In regard to the first issue, we find that the search and seizure under the instant circumstances was proper. Clearly, the search and seizure of the second quantity of heroin (in the foil) stands or falls on the validity of the search and seizure of the first quantity. So the question comes down to whether Agent Munson, when he searched the petitioner's purse to find the "nerve pills" and when he unfolded the note and found the heroin, violated the petitioner's Fourth Amendment rights.

Recently, the Supreme Court has handed down two decisions which, at least in their broad language, seem to cover the situation. In United States v. Edwards, 415 U.S. 800, 39 L. Ed. 2d 771, 94 S. Ct. 1234 (1974), the defendant was arrested at night on suspicion of attempting to break into a post office. The next day, the police provided him with another set of clothes, and took his clothes to be examined for the presence of paint chips from the post office window. Upon examination, incriminating paint chips were found. The Supreme Court upheld this search. Mr. Justice White wrote for the Court:

The prevailing rule under the Fourth Amendment that searches and seizures may not be made without a warrant is subject to various exceptions. One of them permits warrantless searches incident to custodial arrests, . . . and has traditionally been justified by the reasonableness of searching for weapons, instruments of escape, and evidence of crime when a person is taken into official custody and lawfully detained.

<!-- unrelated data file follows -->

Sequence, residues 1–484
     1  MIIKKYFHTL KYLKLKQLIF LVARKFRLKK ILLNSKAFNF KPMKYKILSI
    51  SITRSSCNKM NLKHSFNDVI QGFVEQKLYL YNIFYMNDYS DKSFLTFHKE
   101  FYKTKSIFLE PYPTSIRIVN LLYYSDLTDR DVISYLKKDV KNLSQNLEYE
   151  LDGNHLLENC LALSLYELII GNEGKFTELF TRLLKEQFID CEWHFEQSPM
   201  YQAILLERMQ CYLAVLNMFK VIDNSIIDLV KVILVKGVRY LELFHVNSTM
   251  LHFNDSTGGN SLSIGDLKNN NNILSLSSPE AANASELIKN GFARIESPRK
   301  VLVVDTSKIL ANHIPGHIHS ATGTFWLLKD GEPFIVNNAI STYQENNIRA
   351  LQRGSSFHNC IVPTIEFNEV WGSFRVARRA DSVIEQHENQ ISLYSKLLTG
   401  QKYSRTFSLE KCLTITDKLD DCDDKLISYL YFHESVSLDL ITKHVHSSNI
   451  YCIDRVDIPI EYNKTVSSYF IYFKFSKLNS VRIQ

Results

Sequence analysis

It is also plain that searches and seizures that could be made on the spot at the time of arrest may legally be conducted later when the accused arrives at the place of detention. . . . The courts of appeals have followed this same rule, holding that both the person and the property in his immediate possession may be searched at the station house after the arrest has occurred at another place and if evidence of crime is discovered, it may be seized and admitted in evidence. Nor is there any doubt that clothing or other belongings may be seized upon arrival of the accused at the place of detention and later subjected to laboratory analysis or that the test results are admissible at trial.

415 U.S. at 802-04 (citations and footnotes omitted).

Under this rationale, the search of petitioner's purse was permissible since it occurred during the processing of the petitioner at the place of detention only shortly after her arrest.